It was during Willie Harris’s at-bat in the ninth inning Wednesday night that I was trying very hard, from way out in the right field corner, to will another ball out of Drew Storen so as to build the slightest of rallies and increase the slightest of chances that the crappiest of games might reverse its useless course right then there at the very end.
That’s when it hit me, in that watching myself watching the Mets way these things have of materializing, what was really taking place.
“I’m hanging on a ball-strike count as if it’s the single highest priority in my life. Two weeks from now, there will be no more ball-strike counts on which to hang, at least where the Mets are concerned. This game has sucked, this season has been erratic at best, this final lap has grown futile, yet I sit here, outside on a Wednesday night so warm it requires no jacket, imploring this Met — of whom I’m not particularly fond — to succeed against this National for a few pitches longer. I wish vocally for Storen to be wild and for Harris to take advantage by not swinging. I wish out loud for Harris to join Bay on the basepaths. I wish for those two baserunners to become runs and keep this game, whose suckage to this point cannot be denied, in progress. I wish for an optimal Mets resolution here in the ninth, but failing that, I wouldn’t mind if a tie could be worked out now, and a win arranged in an extra inning to be determined. Will ya listen to me worrying about this? I’m however old I am, which is older than I’ve ever been, yet I’m wearing a baseball cap and a shirt with the name of a baseball team on the front and the name and number of a long-retired baseball player on the back, and it’s September 14, and the Mets have been freshly eliminated from everything but my consciousness, yet I can’t or won’t let it go. I need Storen to throw a fourth ball to Harris at once.”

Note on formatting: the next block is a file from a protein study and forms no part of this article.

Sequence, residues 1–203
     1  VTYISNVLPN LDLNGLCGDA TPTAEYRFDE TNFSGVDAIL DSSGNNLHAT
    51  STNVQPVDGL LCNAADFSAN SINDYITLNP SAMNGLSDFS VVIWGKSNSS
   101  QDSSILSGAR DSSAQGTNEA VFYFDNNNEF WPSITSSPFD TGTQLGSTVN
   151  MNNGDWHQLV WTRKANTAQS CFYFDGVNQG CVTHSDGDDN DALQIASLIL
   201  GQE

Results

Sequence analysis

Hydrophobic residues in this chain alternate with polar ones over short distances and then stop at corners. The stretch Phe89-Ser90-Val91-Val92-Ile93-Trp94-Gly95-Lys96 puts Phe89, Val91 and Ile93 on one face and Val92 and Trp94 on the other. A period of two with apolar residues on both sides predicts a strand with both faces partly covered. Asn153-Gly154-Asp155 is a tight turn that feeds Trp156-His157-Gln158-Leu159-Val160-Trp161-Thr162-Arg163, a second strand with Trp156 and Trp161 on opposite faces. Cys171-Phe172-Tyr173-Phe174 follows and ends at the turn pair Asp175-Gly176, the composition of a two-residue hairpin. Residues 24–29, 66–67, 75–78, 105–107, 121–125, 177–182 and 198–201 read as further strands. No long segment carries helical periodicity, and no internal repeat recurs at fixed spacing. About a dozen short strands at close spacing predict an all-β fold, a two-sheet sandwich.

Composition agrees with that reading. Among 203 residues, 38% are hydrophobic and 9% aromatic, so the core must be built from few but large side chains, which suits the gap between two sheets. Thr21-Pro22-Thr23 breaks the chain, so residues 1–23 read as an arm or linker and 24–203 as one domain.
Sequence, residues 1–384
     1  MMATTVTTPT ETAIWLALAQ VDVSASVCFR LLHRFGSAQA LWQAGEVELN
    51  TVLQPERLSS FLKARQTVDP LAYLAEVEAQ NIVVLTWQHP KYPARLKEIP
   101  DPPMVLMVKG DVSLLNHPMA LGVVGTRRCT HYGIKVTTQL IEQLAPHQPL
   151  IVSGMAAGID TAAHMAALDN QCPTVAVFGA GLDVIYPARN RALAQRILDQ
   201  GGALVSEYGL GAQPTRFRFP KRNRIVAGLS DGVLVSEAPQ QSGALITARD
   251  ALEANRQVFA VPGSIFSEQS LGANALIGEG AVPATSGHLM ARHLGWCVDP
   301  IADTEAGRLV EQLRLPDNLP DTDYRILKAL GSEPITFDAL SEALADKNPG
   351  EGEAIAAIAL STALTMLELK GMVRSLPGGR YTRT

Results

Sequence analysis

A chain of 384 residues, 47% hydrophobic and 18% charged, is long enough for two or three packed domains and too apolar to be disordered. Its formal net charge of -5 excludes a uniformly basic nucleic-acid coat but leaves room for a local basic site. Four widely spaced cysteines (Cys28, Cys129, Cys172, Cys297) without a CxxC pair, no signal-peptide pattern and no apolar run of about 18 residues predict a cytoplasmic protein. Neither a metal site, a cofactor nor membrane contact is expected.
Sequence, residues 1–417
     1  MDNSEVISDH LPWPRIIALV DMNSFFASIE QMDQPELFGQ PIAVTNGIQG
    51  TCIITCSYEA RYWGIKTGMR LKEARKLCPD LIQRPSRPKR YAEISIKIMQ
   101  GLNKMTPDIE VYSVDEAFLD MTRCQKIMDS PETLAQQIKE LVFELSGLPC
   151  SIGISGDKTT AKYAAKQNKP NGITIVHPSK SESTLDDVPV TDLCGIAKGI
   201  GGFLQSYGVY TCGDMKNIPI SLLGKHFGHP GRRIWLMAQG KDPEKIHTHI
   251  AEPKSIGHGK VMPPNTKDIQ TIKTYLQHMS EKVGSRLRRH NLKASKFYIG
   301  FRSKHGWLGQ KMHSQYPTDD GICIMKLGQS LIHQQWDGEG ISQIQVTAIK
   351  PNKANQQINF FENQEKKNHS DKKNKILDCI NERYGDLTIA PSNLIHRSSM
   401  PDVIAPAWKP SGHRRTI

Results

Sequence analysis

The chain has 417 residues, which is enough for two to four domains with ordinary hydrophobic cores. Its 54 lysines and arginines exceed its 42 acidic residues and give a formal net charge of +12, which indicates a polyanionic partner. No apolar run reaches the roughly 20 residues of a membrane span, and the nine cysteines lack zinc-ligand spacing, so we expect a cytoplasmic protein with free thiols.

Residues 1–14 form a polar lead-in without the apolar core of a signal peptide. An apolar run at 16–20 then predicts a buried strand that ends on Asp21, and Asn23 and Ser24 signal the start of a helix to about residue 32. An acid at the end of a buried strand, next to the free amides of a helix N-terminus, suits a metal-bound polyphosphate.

Storen threw ball four. Collins told Turner to bunt, which was bizarre, considering the Mets were down two and you were giving up your first out to no clear end. Turner bunted lousily. Pridie grounded into a near DP. And they still almost got what they needed out of little more than eight balls and wishful thinking when N.L. batting leader Jose Reyes lined Storen’s 21st pitch into the center field gap…except that distant patch of real estate was inconveniently blockaded by Rick Ankiel’s glove.
When Ankiel dove, stretched and caught Reyes’s otherwise surefire two-run double to end the game at the same 2-0 it had been when the ninth started, I was no longer outside myself thinking about it. I was totally present and disgusted. I grumbled about it from the instant it happened until I changed at Jamaica for the train to Babylon.
In two weeks, such distasteful pleasures will no longer be available to me. They will disappear to wherever it is warm nights in right field corners go when baseball seasons end.
Which probably explains why I’ll be back to the same ballpark in a matter of hours for another round of Mets and Nats.
If you’re going to any of the remaining seven Mets home games in 2011, pick up a copy of Mets Magazine (a.k.a. the program and scorecard) and read a profile of this here blog on page 154.